Camosun College sees influx of international students

Five per cent of Camosun’s current population come from outside of Canada.

Camosun College has seen its largest-ever winter intake of international students, up nearly double from last year.

In January the school counted 87 new international student enrolments for a 2011-12 total of 462 students from 51 countries – a boost Camosun’s International director Geoff Wilmshurst attributes chiefly to a refocusing of recruitment efforts. Last year, 45 new students enroled in the program.

Part of the reason for the increase has to do with how students are recruited. Camosun has moved away from sending out individual recruiters. Instead, the school employs approximately 75 recruitment agencies worldwide that work closely with families of international students to provide information and support during student relocation, Wilmshurst said.

“We haven’t been out in the marketplace as intensively as we have been in the last year and as people begin to get to know about us, we’re starting to see the results,” he said.

In addition to English language courses, university transfer programs – especially programs leading to business and engineering degrees – attract the most international students, particularly those from China, followed by Japan, South Korea and India.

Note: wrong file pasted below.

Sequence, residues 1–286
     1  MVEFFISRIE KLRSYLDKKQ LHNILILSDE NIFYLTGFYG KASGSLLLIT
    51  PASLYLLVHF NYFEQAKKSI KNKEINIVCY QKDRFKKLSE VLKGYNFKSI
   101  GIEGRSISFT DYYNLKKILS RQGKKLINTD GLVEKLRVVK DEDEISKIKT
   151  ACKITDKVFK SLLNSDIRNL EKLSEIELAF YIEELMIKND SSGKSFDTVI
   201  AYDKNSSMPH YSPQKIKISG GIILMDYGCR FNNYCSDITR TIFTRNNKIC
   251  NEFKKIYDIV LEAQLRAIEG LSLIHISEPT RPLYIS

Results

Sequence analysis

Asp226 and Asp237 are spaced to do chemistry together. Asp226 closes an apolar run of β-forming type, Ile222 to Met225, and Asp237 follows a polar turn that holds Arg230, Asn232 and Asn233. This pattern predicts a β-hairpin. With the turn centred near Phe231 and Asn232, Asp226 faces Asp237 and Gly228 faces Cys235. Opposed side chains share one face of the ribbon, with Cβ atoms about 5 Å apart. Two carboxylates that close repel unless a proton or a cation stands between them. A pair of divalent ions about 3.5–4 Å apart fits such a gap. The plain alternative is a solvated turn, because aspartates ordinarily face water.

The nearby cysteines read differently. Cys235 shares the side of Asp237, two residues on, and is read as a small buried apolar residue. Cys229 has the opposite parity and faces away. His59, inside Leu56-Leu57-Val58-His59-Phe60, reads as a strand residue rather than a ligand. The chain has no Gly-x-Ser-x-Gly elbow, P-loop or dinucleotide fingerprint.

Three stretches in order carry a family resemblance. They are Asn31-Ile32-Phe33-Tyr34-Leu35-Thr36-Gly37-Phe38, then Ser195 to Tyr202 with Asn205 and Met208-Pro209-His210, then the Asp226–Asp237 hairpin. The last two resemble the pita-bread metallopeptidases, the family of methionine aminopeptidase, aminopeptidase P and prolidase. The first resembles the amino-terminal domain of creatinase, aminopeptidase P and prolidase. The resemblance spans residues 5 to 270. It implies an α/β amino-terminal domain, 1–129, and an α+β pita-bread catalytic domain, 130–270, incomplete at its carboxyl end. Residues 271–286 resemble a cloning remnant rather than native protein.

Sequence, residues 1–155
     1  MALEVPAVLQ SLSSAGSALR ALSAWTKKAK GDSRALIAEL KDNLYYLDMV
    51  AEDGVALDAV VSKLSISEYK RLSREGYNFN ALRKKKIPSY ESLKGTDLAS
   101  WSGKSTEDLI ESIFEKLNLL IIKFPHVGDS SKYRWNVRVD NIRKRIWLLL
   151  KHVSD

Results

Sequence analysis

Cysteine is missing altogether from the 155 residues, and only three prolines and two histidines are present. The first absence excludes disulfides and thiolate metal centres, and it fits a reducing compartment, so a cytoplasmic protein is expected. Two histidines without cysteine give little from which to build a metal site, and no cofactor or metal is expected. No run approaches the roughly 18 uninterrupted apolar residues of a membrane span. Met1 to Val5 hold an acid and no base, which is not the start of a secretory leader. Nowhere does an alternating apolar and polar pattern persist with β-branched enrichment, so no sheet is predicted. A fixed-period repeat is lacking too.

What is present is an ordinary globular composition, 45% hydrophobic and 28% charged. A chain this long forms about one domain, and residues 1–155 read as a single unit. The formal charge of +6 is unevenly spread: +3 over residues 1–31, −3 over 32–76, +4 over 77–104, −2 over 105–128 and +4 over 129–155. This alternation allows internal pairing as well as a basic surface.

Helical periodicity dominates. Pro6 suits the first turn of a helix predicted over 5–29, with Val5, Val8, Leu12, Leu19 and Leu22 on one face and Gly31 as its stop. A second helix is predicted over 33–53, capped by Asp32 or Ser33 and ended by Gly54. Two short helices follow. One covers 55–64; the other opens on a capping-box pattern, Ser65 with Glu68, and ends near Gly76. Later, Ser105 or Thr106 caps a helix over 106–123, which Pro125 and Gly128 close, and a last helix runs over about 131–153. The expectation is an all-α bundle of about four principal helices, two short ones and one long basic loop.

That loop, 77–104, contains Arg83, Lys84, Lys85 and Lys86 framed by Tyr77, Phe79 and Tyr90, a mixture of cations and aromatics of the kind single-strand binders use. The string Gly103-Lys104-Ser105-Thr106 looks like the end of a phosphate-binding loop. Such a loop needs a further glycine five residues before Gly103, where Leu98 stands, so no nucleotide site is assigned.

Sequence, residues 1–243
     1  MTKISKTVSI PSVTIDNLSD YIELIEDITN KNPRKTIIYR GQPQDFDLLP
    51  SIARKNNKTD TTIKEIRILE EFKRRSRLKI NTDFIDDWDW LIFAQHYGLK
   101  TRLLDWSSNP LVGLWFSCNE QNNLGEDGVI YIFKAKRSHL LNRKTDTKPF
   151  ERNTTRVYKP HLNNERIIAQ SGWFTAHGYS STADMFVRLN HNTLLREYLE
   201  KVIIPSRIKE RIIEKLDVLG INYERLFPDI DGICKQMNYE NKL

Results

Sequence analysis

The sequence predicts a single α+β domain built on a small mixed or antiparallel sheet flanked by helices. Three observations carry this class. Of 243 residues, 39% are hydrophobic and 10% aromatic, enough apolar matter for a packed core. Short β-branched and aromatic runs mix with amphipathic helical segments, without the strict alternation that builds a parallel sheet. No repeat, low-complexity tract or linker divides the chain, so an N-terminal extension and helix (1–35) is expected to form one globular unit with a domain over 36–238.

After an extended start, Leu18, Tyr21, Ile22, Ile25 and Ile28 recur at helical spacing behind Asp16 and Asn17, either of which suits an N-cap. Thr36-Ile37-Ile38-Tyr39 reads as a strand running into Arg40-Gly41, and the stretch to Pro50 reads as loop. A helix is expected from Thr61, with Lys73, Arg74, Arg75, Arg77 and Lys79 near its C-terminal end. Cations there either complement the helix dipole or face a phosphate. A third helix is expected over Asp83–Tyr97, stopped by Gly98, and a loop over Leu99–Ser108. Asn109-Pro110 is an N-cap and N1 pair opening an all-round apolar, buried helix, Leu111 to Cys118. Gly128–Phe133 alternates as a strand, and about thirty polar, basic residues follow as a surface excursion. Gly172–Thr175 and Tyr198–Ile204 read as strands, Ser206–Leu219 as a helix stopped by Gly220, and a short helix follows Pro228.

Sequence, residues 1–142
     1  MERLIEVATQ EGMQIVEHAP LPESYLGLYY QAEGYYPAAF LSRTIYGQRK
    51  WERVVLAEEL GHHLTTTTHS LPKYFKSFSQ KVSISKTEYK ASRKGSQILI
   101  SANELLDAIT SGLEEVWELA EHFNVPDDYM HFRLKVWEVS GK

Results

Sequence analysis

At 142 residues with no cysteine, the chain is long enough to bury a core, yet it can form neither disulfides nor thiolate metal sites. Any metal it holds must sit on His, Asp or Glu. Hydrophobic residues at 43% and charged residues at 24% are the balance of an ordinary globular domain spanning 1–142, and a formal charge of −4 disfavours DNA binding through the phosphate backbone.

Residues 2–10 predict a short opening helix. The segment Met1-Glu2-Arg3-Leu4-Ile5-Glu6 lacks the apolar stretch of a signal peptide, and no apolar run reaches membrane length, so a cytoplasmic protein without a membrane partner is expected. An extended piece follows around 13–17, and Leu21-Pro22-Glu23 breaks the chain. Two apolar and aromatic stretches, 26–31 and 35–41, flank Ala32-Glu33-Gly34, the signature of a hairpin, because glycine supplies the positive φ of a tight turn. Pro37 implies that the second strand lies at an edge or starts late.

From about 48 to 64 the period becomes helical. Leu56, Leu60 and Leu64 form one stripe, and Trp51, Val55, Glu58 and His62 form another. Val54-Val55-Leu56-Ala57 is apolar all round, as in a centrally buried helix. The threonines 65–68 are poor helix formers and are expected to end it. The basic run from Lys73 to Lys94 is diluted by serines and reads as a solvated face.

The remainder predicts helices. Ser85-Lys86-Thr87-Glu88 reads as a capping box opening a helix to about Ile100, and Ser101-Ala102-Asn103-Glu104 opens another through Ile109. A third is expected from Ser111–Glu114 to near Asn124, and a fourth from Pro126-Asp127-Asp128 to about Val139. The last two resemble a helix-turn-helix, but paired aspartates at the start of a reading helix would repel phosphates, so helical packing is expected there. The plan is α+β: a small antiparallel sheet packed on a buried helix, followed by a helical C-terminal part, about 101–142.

Five per cent of Camosun’s current population come from outside of Canada. The college could see that number double over the next three years, following Premier Christy Clark’s announcement last fall to increase the number of international students in B.C. by 50 per cent over the next four years.

The growth, Wilmshurst said, will have a positive effect on domestic students vying for seats in popular programs.

“We’re not restricted in what we’re allowed to charge an international student and we can charge the actual cost of a program. It allows us to open additional sections and to hire more staff to teach. So in fact it has a positive effect for students because it open up more seats for them.”

The University of Victoria continues to attract a high volume of international students with 1,723 students registered for both the fall and winter intakes. That’s also up from last year’s count of 1,509.

China leads the way in international student enrolment at UVic, followed by the United States and Japan.

The university has become more strategic in its approach to recruitment in South East Asia, said UVic spokesperson Patty Pitts, explaining that the schools uses a combination of recruitment agencies and individual recruiters in that area.